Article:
The way Adam Varona and his fiancée, Danielle Anselmo, see it, Sacramento bands should be doing much better. Sold-out concerts at Sleep Train Amphitheatre and the like show there are tons of music lovers in the greater Sacramento area, so where are they when local bands take the stage at smaller venues? Varona and Anselmo suspect the key to a musician’s success is creative marketing: taking advantage of media contacts, press kits, merchandise and image. And with more than a decade in the journalism business between them, Varona and Anselmo hope their experience and legwork will help. In April, the two launched Ferocious Kitty Media (www.ferociouskittymedia.com), a full-time project designed to get Sacramento bands more attention. The company now provides services for eight local acts in addition to Varona’s band, Adam Varona and his Famous Celebrity Asses.
On your Web site, you say the trick for bands in Sacramento that are struggling to pack local venues is exposure mostly—beyond putting up fliers and that sort of thing. What should bands be doing to promote themselves?
I think just sort of thinking outside the box and thinking outside the small scene they’re in and trying to attract the, you know, 2 million people in the Sacramento area that have no idea what’s going on. I think different ways to do that are to set up listening stations in malls, and just handing out fliers and CD samplers in places people normally wouldn’t, you know? Everybody gets fliers on their cars if they park at Old Ironsides. You know, just trying to expose the scene to the everyday Joe.
A wider variety of people.
Yeah, definitely. I think there’s unlimited potential for a lot of bands. You know, I think Richard March could be drawing as many people as Jackie Greene if not more. I think it’s just down to promotion.
What do you think makes Sacramento a hard place to create a following?
Good question. I don’t know if it’s a hard—there are some bands that do pretty well. And I think just certain bands that have all the talent in the world just lack publicity. … But I think the town, you know, has great musicians. And even for the bigger musicians in town, they’re not—it has definitely not touched, like, the New York City scene. I feel like [Sacramento] deserves to be on the same level as early-'90s Seattle, late-'60s San Francisco, ‘90s New York. I think that it has unlimited potential. … There’s gotta be tons and tons of people just ready to get something new in their systems.
One of the services on your list kind of intrigued me: image consultation and how musicians need to look the part a bit better. Tell me about that.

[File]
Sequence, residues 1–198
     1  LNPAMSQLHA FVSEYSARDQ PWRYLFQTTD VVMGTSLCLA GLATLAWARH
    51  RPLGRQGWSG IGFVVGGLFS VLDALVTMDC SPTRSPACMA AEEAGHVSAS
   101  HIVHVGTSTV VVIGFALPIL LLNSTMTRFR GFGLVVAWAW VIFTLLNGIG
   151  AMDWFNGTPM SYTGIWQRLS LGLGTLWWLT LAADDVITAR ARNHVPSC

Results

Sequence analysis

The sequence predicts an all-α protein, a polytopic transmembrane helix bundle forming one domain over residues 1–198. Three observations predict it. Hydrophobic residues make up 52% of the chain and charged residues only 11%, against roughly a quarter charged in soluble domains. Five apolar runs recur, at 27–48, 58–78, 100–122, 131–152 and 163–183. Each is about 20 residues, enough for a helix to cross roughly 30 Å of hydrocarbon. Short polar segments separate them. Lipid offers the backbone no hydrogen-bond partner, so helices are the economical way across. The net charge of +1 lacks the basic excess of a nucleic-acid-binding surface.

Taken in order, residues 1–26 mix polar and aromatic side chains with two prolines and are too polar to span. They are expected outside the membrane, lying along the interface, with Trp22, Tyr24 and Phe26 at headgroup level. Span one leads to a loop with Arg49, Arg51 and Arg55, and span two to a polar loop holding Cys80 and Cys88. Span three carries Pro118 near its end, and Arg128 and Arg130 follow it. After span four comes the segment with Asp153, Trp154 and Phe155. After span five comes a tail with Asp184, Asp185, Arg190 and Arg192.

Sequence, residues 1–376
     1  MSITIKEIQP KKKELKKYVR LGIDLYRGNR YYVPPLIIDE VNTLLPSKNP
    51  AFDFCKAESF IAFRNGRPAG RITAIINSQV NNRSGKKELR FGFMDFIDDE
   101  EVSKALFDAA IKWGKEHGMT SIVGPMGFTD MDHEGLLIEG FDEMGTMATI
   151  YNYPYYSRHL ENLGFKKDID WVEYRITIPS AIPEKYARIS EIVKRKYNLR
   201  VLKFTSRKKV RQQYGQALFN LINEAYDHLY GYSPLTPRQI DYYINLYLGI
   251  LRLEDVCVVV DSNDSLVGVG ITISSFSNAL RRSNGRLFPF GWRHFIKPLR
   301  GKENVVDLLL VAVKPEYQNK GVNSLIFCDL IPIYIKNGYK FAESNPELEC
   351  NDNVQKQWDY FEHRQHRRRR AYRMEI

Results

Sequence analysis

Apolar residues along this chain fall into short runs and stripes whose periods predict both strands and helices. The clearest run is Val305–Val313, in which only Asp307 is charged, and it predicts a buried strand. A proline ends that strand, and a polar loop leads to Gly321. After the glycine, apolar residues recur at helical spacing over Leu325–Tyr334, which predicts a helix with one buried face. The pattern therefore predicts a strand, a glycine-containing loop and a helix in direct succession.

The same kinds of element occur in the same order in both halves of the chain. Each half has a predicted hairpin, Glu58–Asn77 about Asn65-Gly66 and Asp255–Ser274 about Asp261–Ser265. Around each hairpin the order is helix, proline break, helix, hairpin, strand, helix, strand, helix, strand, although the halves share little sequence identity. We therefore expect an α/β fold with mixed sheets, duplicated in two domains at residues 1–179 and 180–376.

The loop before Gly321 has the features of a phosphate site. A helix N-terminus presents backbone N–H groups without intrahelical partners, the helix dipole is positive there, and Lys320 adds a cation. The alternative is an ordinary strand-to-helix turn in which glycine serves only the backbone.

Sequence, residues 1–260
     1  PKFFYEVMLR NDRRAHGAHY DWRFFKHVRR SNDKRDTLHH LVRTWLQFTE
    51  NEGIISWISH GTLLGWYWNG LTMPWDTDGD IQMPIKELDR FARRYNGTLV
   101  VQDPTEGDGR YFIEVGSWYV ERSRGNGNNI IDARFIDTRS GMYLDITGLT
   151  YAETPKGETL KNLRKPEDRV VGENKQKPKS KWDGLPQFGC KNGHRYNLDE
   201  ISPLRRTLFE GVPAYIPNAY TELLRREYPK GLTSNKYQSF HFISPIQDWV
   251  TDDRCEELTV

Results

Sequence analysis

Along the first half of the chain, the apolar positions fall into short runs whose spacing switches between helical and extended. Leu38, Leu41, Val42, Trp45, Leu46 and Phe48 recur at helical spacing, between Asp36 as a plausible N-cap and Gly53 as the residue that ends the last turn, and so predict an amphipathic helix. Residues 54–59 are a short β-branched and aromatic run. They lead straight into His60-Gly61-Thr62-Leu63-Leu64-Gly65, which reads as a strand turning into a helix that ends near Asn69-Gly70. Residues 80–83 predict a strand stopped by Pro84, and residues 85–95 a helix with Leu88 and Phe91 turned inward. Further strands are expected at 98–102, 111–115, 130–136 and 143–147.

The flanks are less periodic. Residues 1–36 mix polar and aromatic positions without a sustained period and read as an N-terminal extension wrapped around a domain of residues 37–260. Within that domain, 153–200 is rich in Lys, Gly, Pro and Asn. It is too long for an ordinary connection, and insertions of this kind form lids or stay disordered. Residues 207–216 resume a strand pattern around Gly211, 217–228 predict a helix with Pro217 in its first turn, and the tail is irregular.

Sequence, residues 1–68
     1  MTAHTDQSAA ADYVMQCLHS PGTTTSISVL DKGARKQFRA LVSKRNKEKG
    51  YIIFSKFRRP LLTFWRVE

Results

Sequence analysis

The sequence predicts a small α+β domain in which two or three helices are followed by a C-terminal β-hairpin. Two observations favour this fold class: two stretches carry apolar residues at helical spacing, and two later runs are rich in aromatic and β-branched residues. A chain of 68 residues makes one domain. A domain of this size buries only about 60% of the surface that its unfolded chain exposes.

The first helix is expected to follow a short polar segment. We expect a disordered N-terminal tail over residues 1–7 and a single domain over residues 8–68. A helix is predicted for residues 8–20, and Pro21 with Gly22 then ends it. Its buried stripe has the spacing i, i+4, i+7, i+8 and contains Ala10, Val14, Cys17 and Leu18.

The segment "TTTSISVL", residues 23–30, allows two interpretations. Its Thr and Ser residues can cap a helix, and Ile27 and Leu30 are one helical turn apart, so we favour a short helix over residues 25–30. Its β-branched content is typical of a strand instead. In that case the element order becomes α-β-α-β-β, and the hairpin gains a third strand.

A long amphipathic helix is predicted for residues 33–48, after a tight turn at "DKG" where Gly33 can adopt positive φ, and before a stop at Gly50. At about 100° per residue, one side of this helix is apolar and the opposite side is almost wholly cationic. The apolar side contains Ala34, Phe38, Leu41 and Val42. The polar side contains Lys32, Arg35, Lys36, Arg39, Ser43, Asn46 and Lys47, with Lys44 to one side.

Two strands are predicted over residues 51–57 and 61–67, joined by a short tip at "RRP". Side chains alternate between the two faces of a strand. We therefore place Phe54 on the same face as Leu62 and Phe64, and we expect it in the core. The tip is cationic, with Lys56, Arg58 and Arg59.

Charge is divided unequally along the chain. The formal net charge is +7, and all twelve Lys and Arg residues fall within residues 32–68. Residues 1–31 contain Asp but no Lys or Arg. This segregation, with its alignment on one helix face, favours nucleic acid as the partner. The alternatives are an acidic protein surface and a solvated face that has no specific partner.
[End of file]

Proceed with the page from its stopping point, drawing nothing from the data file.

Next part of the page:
Depending on the band. … It doesn’t necessarily have to do with your clothes. It has to do with your attitude and just sort of your overall appearance. I think bands could work harder on presenting the audience with an entertaining set instead of just “Here’s our music,” you know, awkward stage banter. I think a lot of people don’t really put a lot of thought into what they look like onstage. And that’s not supposed to be superficial, but I just know that I look at some people, and I think, “Man.” I don’t know. If there’s an attractive guy who’s the lead singer for a band, and he’s wearing a ratty old T-shirt, he could get the ladies a-comin’ back [laughs].
Just a little more showmanship?
Yeah. Thinking about everything, not just whether your band is on time or not.
Has any band taken you up on image consultation yet?
We’re kind of working slowly. I think a lot of the bands that we’re working with have pretty good knowledge of that. … But we have an image consultant who will go to a show and say, “Hey, here’s what I think you should project on the stage. Here’s how I think you should dress.”
On your site it also said merchandise is a big thing that bands drop the ball on.
Yeah, there’s a lot of bands that have good merchandise for sale. But I think a lot of bands have a good supply of hard-core fans. Like Life is Bonkers—they have shirts, and they have their hard-core fans who wear their shirts everywhere, and that’s really cool. Just anything, like stickers. Putting your stuff out there—and more than just music.
Tell me about the showcase events.
We’re running those right now through our house. And I think we might actually always have our house shows. They have a certain vibe to them that’s really good. I think the main goal for the house shows for me is to get as many of the best, most talented musicians in the area together in a non-venue atmosphere where they can relax, have a few beers and sort of shed the layers of self-consciousness that we all have. … And putting 20 bands together, everyone gets a chance to hear all the different great local bands that there are, including myself. … Once our reputation grows, it’s only going to get better, more advantageous for musicians to come and showcase themselves.